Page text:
China’s “reusable spacecraft” makes the outside world curious.

China successfully launched a reusable spacecraft at the Jiuquan Satellite Launch Center and successfully returned to its intended landing site on June 6 after two days in orbit, Xinhua reported On June 6. Reported that the success of the test, marking China’s reusable spacecraft technology research has made an important breakthrough, the follow-up for the peaceful use of space to provide a more convenient and cheap way to and from. Although Chinese officials did not provide further details about the launch, there has been speculation that “China may have successfully tested a new type of space plane”.

Russian satellite news agency reported on the 6th speculated on China’s “reusable spacecraft” three uses. Jonathan McDowell, a researcher at the Harvard-Smithsonian Center for Astrophysics, believes China’s “reusable spacecraft” could be a reusable manned spacecraft or a highly automated space shuttle, the report said. “It’s different from the reusable Falcon rocket developed by SpaceX, but it could be similar to the company’s Dragon, it could be an unmanned space shuttle like the X-37B in the U.S., or it could be a future space shuttle for manned flights,” Mr McDowell said. “

According to reports, the United States has built a number of reusable space shuttles, it can carry people between low-Earth orbit and the ground, are now retired. The Soviet space shuttle Blizzard made only one unmanned flight in 1988. The X-37B is a small unmanned space shuttle developed by Boeing. Since 2010, it has completed five space flights, lasting between 225 and 780 days, with the aim of completing tests in orbit to serve the U.S. Air Force, but all test details are kept strictly confidential. SpaceX’s Dragon spacecraft, which is mainly on mission to the International Space Station, can be reused in its return capsule.

Ivan Moiseyev, director of the Russian Space Policy Institute, said that based on limited information provided by Chinese officials, China may have put a similar U.S. secret space shuttle X-37B into orbit. Igor Lisov, a Russian space expert, said, “From unofficial and semi-official sources, China has been studying the ‘Shenlong’ skyplane for many years and does not rule out the 4th as its first launch.” The Tracking website, operated by the U.S. military’s Joint Space Operations Center and the North American Aerospace Defense Command, confirms that the Chinese test spacecraft has successfully entered space, according to TheDrive. Reports speculate that the new space vehicle could be a replica of the Chinese version of the X-37B or the European Space Agency’s Space Knight space shuttle.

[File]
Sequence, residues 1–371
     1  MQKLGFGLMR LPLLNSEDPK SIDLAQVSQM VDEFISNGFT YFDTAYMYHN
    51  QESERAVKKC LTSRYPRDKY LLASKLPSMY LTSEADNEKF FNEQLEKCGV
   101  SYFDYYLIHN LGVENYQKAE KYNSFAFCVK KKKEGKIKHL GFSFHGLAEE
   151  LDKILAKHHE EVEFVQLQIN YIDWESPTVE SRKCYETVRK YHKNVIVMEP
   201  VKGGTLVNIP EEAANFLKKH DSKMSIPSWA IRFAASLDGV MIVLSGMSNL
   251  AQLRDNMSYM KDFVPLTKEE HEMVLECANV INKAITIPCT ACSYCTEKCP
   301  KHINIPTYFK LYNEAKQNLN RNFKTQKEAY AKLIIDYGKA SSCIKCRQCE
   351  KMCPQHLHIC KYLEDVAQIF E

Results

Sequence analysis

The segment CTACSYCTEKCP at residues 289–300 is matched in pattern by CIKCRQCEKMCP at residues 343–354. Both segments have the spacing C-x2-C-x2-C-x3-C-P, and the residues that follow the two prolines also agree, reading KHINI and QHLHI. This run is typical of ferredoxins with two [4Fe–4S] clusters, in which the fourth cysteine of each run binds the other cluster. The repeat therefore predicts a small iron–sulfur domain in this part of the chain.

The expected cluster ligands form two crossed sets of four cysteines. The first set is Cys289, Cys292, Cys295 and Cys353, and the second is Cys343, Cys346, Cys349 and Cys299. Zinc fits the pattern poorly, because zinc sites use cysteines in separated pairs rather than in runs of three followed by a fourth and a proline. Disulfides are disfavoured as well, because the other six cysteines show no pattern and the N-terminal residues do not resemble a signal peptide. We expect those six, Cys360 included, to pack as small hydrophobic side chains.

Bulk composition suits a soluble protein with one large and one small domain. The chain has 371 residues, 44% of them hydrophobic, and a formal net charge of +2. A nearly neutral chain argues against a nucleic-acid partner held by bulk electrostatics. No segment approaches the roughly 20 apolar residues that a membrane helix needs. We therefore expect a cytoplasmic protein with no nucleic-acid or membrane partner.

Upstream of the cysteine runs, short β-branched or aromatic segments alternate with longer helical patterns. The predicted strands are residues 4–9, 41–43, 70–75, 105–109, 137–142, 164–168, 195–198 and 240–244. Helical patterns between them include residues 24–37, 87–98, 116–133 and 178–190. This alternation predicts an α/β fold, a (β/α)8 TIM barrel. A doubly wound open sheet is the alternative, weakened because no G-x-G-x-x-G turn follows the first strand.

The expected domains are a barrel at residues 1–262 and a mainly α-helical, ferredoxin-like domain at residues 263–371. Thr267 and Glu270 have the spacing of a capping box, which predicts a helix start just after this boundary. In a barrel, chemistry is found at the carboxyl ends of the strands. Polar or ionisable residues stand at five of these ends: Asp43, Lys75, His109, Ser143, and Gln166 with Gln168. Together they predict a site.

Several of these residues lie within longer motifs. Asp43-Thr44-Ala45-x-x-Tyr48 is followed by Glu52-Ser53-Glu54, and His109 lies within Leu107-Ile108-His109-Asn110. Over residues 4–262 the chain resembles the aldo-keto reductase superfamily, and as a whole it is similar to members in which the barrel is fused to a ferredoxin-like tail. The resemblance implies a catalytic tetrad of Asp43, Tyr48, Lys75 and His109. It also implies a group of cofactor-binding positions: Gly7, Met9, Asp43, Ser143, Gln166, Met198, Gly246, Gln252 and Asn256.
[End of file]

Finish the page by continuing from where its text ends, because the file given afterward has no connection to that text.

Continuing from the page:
TheDrive website also mentions that there have been many rumors that the test could involve a new type of space vehicle, the SpaceX. It can lift through wings and airflights in the Earth’s atmosphere, glide like a conventional airplane, and move freely in space like a spacecraft. In addition to reusable this feature, other key benefits of spaceplanes include reduced turnaround time between launches and the ability to carry a wider payload. Airborne aircraft can carry payloads back to Earth and perform a variety of other professional tasks, so they are particularly valued by national militaries. “Their reusability may eventually reduce the cost of going into space, but this has not been proven enough,” the report said.

Andrei Jonin, a communications fellow at Russia’s Ziorkovsky Academy of Astronautics, said the Chinese spacecraft in orbit was likely to be used for long-term technical tests rather than military missions. (Guo Yandan)